book...

        I built the boat to run down the Arkansas River navigation channel. When
        the water runs (and I mean 12-14 knots), I've seen plenty of trees, cows,
        and once even a tractor-trailor and a Winnebago. That's tough on your bottom.

        Damming the Arkansas was the biggest Corps project ever in the 70's - Will
        Rogers said it could never be done.

        Curious you asked about the fish - no - they don't carry (yet), but WE do
        fish with guns in Oklahoma...

        Gregg


        At 06:46 PM 10/5/1999 -0400, you wrote:
        >To Gregg:
        >
        >Did you use any type of formula to determine how far back to make the lap?
        >
        >A 3/4 in. bottom on a Sneakeasy? Do the fish in Oklahoma lakes have
        >shotguns? Don't you think you should write an article for WoodenBoat about
        >"Square Scarfs"? Really, if this works, you'd almost be better off having
        >two of the lap joints in one of bolger's 16' boats and avoid the ugliness of
        >a buttstrap all together.
        >
        >Thanks Gregg
        >
        >To Michael:
        >
        >So you ended up using the "fiberglass buttstrap" I've seen described in your
        >sides? That looks like it would finish off nice and clean.
        >
        >One thing I keep staring at the plans and the key (and Payson's book)
        >without figuring out. The miships mold (temporary) is to be positioned on
        >the line scibed on the sides during building. Does this mean directly
        >centered? should the mold be aft of the line of forward of it?
        >
        >thanks for your help Michael.
        >
        >Robert Lundy
        >St. Petersburg, Fla.
        >
        >
        >> -----Original Message-----
        >> From: GHC [mailto:ghartc@...]
        >> Sent: 05 October, 1999 6:13 PM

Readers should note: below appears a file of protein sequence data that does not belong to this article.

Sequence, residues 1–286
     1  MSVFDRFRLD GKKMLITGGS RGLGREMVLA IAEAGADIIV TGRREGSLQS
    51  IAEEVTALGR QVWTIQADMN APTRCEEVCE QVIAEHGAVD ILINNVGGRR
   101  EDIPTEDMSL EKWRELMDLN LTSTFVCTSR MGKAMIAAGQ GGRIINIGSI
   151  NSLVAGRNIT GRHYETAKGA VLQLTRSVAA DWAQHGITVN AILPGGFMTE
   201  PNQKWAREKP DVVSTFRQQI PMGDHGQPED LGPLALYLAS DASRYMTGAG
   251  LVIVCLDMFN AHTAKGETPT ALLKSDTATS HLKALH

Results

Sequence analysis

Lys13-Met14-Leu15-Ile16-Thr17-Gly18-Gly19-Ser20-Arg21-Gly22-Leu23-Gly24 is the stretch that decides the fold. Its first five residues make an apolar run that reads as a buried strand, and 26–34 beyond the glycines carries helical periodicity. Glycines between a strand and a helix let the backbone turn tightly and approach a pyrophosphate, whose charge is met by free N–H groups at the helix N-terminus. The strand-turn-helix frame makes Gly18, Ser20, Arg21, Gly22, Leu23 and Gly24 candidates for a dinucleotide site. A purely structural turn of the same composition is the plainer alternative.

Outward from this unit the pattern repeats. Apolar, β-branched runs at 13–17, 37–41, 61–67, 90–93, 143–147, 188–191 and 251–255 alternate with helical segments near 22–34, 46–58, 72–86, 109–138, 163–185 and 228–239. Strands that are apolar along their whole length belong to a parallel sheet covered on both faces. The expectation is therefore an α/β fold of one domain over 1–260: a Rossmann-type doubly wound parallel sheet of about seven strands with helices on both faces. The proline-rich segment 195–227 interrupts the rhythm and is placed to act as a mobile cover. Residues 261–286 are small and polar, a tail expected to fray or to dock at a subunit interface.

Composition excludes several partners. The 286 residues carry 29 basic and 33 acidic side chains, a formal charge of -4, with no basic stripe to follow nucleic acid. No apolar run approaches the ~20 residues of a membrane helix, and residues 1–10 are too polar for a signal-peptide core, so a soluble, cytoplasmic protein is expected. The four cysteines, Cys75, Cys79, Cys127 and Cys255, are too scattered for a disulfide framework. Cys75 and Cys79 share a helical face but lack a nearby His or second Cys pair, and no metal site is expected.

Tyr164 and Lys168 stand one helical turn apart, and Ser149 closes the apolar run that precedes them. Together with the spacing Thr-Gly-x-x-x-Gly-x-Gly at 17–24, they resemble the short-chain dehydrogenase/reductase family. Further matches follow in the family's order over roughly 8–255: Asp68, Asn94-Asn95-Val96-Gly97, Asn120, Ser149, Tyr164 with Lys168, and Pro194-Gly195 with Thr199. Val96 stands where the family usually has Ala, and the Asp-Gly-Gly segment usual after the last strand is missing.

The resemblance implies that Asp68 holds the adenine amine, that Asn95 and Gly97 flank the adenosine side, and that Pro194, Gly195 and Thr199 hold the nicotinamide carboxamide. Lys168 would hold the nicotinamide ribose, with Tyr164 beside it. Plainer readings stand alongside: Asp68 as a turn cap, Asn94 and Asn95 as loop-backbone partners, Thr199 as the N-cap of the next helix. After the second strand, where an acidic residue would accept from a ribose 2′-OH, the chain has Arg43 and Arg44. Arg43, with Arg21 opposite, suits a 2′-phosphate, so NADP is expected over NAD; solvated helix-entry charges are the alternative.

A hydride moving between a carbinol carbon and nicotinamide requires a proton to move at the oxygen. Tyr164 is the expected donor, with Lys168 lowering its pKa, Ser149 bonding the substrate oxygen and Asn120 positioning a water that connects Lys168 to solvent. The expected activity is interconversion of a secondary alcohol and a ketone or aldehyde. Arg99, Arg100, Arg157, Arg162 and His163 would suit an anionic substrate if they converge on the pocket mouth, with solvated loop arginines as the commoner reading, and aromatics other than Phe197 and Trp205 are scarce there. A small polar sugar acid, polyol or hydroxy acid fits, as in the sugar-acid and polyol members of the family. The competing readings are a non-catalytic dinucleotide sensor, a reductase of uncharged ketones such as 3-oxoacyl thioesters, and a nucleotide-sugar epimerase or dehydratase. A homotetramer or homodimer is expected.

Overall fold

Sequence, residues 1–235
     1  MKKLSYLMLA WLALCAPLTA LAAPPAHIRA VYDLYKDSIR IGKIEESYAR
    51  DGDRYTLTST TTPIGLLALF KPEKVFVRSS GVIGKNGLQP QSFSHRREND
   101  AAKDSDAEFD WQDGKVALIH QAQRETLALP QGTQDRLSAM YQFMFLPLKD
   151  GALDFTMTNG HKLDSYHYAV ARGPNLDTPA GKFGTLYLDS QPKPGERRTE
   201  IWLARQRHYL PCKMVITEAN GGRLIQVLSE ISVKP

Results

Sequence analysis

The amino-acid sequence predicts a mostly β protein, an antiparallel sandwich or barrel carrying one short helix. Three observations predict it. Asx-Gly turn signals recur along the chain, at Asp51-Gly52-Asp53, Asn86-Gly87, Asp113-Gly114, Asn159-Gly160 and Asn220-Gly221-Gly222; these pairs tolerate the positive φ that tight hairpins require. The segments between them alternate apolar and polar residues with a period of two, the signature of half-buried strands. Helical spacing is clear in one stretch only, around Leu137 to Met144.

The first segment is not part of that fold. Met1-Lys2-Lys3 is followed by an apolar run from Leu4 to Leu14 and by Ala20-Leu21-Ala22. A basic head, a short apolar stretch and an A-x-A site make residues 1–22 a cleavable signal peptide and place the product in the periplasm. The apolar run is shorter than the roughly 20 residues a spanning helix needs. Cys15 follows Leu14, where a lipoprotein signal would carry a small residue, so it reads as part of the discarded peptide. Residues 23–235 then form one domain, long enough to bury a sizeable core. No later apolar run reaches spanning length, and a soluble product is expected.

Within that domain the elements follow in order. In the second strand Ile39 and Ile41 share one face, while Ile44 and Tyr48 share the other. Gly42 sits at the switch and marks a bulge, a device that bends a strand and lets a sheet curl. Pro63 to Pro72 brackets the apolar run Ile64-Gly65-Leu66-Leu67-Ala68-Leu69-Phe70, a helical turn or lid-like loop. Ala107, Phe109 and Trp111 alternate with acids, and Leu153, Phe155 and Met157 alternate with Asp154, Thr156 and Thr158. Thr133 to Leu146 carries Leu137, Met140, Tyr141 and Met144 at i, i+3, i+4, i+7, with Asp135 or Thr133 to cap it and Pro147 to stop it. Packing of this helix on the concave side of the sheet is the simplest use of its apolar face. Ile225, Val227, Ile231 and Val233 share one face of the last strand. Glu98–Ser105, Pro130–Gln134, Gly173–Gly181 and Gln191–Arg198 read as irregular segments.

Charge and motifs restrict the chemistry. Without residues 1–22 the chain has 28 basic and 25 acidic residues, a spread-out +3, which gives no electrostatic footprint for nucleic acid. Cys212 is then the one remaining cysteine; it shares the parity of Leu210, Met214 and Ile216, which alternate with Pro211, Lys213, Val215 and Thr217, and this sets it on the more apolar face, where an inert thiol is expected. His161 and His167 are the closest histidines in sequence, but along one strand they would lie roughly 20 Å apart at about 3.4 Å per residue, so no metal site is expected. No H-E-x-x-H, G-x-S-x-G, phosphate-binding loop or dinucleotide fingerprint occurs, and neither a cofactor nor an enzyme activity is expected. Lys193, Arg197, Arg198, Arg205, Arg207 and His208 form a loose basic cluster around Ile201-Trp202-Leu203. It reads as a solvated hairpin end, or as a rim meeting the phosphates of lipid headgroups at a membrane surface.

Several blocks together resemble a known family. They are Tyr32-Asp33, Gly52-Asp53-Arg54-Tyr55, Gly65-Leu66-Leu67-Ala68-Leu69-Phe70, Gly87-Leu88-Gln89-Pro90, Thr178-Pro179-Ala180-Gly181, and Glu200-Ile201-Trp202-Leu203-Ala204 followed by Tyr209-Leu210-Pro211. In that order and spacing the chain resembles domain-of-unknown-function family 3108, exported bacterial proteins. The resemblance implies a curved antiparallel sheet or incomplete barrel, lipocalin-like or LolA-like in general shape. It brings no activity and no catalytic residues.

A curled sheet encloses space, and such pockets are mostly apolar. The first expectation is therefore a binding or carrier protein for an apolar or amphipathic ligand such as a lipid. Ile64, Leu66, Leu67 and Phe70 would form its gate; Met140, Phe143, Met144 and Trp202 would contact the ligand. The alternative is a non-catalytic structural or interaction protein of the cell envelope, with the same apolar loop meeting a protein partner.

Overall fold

>> To: bolger@egroups.com
        >> Subject: [bolger] Re: Square Scarfs
        >>
        >>
        >> That's just what I did on the 3/4" bottom of my sneakeasy, with no
        >> complaint...
        >>
        >> Gregg Carlson
        >>
        >> At 03:26 PM 10/4/1999 -0400, you wrote:
        >> > "" bottom in the plan (but I would have to cough up for an extra
        >> >sheet of plywood), I've been trying to think of a better way to
        >> make my two
        >> >8' sheets one long sheetwithout using a buttstrap plywood
        >> scarfed in
        >> >this manner. Comments from any more experienced woodworkers are most
        >> >appreciated. Ha, Ha. & Amy Lundy
        >> >St. Petersburg, Fla.
        >> > Click Here! eGroups.com home:
        >> http://www.egroups.com/group/bolger
        >> > www.egroups.com - Simplifying group communications
        >> >
        >>
        >>
        >> ------------------------------------------------------------------------
        >>
        >> eGroups.com home: http://www.egroups.com/group/bolger
        >> http://www.egroups.com - Simplifying group communications
        >>
        >>
        >>
        >>
        >
        >
        >------------------------------------------------------------------------
        >
        >eGroups.com home: http://www.egroups.com/group/bolger
        >http://www.egroups.com - Simplifying group communications